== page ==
But this isn’t the only possible answer to this paradox. To find a resolution to the dilemma presented by a historical materialist interpretation of revolution, it may be best to borrow and flesh-out ideas from Lenin and Mao, two Marxist theorists behind two historical revolutions.

Revolutionary class consciousness does not arise from the economic struggle between workers and capitalists. Rather, the struggle for the liberation of the proletariat from exploitation is the central focus of the struggle by whole people against the inevitable processes set in motion by capitalism. That is to say, at a certain points in history, the contradictions between the advancing base and lagging structure sharpen, creating a situation in which the extant productive relationship are no longer suitable for the developing forces of production. At this moment (which is better described as an era), the whole of society is thrown into increasing social conflict. For all classes, the old way of doing things become less tenable. The most reactionary and oppressive tendencies of capitalist-imperialism come the fore, and capitalist-imperialism increasingly sets itself against the interests of the vast majority of humanity. This creates the ability to create a wide coalition of class forces whose struggles are centrally focused on the liberation of the proletariat from capital, i.e. the destruction of capitalist-imperialism and the development of socialist productive relations.

This, of course, does not imply the creation of ‘revolutionary’ politics which amounts to chauvinistic universalisms or post-modernism. Rather, the development of revolutionary class conscious necessitates the existence of ‘occupational revolutionaries’ who not only draw appropriate lessons from history and understand significance of the proletariat, but who are also capable of imparting these into the struggles of exploited workers and the oppressed masses as part of the development of revolutionary offensives.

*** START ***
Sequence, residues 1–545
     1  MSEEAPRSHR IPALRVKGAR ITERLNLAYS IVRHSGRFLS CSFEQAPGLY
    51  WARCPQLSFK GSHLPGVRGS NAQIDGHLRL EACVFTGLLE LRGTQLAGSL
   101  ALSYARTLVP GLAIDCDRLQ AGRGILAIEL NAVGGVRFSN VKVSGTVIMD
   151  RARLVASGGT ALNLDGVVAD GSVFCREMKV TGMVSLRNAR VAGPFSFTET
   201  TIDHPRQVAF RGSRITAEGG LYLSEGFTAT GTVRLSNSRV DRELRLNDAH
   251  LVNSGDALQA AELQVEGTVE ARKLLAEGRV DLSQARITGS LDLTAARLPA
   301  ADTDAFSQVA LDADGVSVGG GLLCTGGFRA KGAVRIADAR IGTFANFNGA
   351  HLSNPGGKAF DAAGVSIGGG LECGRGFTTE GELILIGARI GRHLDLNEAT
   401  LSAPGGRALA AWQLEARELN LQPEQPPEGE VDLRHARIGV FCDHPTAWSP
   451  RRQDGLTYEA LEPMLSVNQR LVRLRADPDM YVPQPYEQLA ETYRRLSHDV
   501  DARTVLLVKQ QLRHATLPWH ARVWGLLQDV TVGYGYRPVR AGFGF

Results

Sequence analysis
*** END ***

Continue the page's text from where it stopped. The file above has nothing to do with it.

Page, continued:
Historical materialism offers an accurate general lens by which to analyze of the development of society. At the same time, in offers an interesting conceptual paradox regarding revolutions, during which which a portion of the super-structure alters the structure and base from which it is founded. Nonetheless, as revolutionaries like Marx, Lenin, and Mao have understood, it is the inherent contradictions of capitalism which inevitably create the conditions for its own demise. By advancing the interests of the masses via the liberation of the exploited proletariat, Communist forces can play a conscious role in building the movement for socialism amid an increasingly decadent capitalist-imperialism.

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  1. […] Historical Materialism and the Paradox of Revolution (anti-imperialism.com) […]